Following nerve crush (day post operation, DPO = 0), EA application for group 1 was performed at DPO 5, 7, 9 and 11, i.e. during the period of sensory-motor recovery. For group 2, EA application was performed at DPO 21, 23, 25 and 27, i.e. during the period of pain development.
Behavioural responsiveness of the mice was tested following one week of habituation to the testing environment and the observer. Two baseline measurements were taken on two separate days preceding the surgery. The mice were then tested every two days after surgery for 6 weeks.
Mechanical withdrawal thresholds
The paw withdrawal threshold in response to a mechanical stimulus was measured every two days using a series of graded von Frey filaments. Pressure applied ranged from 0.008 to 4 g beginning with the minimum intensity filament giving a positive response in the scale range for any animal. An ‘up-down’ method was then applied to determine the 50% withdrawal threshold, T50 . According to Dixon , optimal threshold calculation by this method requires six responses in the immediate vicinity of the 50% estimated threshold.
Nociceptive threshold to acute thermal stimulation was measured using the paw retrieval test. Focused light from a 12.5 W projection bulb was applied to the middle of the plantar surface of the hind paw (3 mm diameter) . The projection bulb was turned off as soon as the mouse removed its paw, and a digital timer connected in series measured the paw withdrawal latency to an accuracy of 0.1 s. We used a cut-off latency of 15 s to avoid the possibility of tissue damage.
Walking track analysis
To assess sensorimotor functional recovery, we used the CatWalk method for both static and dynamic gait analysis . Briefly, animals crossing a walkway with a glass floor are videotaped using a computer-assisted setup and digitized data of paw-floor contact area are used for off-line analysis. One week prior to the left sciatic nerve crush, mice were trained daily to cross the walkway. A normal run was defined as: the mouse crossing the walkway without any interruptions or hitches, the presence of footfall patterns for all four pads, and a running time of around one second to cover 45 cm. Three consecutive runs were recorded. A run in which only three pads were used (i.e. the left hind appears without any recorded trace on the foot floor) was not considered as a “normal” run. In the present study, only mice displaying a normal run were analysed. Gait was monitored every two days. Static parameters (intensity of the paw prints, print width and print length) and dynamic parameters (stance phase, swing phase, swing speed and duty cycle) were measured using CatWalk software 7.1 (Noldus Information Technology, St Louis, France). To eliminate any contribution of weight to the effects observed on the CatWalk, data are expressed as a percentage of respective contralateral values (i.e. compared to the right hind paw).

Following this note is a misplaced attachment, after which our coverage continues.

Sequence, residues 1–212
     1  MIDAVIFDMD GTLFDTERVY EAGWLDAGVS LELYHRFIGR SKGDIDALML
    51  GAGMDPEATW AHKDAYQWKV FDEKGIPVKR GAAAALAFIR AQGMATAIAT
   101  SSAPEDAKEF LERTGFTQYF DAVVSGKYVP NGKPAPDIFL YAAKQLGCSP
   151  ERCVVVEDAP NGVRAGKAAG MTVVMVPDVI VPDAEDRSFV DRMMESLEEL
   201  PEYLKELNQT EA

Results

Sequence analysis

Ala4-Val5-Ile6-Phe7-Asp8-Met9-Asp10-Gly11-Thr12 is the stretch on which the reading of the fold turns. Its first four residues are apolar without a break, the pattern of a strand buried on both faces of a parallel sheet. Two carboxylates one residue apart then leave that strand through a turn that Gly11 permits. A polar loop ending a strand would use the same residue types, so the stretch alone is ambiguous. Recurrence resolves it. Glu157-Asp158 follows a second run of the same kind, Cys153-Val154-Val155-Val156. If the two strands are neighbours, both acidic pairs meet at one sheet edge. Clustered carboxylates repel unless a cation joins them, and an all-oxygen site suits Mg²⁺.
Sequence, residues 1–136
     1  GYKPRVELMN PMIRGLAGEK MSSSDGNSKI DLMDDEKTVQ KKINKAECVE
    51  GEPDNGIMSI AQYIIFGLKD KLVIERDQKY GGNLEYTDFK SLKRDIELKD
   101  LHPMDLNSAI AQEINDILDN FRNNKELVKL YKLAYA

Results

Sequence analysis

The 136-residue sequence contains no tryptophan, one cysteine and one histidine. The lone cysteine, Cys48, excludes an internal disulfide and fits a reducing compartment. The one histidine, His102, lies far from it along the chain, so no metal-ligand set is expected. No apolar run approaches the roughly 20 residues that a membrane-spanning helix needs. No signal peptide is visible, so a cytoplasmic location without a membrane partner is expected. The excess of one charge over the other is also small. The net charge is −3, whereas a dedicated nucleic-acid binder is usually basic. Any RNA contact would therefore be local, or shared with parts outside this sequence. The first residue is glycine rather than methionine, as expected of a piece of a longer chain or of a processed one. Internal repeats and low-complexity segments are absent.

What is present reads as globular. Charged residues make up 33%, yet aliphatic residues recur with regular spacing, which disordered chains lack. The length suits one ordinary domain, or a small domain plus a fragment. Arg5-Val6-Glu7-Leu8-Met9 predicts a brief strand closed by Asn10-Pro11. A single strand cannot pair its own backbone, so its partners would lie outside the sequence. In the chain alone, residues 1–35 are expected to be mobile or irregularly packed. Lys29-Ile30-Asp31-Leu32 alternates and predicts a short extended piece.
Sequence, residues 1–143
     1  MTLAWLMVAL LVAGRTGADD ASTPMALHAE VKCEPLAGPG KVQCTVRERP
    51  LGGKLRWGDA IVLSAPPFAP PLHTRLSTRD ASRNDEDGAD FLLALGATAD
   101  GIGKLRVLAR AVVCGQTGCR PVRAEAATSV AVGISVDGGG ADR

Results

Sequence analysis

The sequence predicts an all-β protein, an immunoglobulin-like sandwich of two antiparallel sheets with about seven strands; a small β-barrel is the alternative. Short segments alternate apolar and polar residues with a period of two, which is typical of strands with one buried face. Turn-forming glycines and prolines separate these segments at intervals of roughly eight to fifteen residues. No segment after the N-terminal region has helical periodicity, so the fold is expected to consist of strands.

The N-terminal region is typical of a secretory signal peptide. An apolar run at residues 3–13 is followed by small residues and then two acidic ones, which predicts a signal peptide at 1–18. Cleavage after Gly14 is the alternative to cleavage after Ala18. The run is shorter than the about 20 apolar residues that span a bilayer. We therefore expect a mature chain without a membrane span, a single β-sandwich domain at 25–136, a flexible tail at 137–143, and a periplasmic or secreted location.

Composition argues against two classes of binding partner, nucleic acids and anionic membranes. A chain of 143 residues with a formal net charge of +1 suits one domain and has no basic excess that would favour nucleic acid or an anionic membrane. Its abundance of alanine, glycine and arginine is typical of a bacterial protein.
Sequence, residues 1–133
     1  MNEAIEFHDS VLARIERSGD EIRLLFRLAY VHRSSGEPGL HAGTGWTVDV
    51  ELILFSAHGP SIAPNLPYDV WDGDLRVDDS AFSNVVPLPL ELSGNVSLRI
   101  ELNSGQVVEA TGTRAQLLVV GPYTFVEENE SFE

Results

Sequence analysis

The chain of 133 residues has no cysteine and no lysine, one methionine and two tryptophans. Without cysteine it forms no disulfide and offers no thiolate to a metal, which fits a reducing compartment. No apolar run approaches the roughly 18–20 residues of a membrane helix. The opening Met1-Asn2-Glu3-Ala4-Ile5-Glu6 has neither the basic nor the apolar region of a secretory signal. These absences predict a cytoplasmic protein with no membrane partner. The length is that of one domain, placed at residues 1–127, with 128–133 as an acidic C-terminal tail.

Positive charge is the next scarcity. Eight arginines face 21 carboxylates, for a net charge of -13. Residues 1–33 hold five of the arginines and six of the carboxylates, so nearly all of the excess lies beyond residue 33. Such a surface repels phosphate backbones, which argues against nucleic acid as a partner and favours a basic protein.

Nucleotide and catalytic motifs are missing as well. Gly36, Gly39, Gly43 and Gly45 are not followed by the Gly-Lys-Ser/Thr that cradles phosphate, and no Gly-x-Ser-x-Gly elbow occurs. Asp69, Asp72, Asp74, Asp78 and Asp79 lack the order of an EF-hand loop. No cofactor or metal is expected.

Results are presented as mean ± SEM. For comparison between the two groups, the data were analysed by two-way ANOVA followed by Tukey’s post-hoc test. The X
2 test was used for run analysis. A Mann–Whitney U test was used to compare independent values between groups. A p value < 0.05 was considered statistically significant.
To analyse any possible correlations between the sensory tests and the CatWalk method, a Pearson correlation test was performed.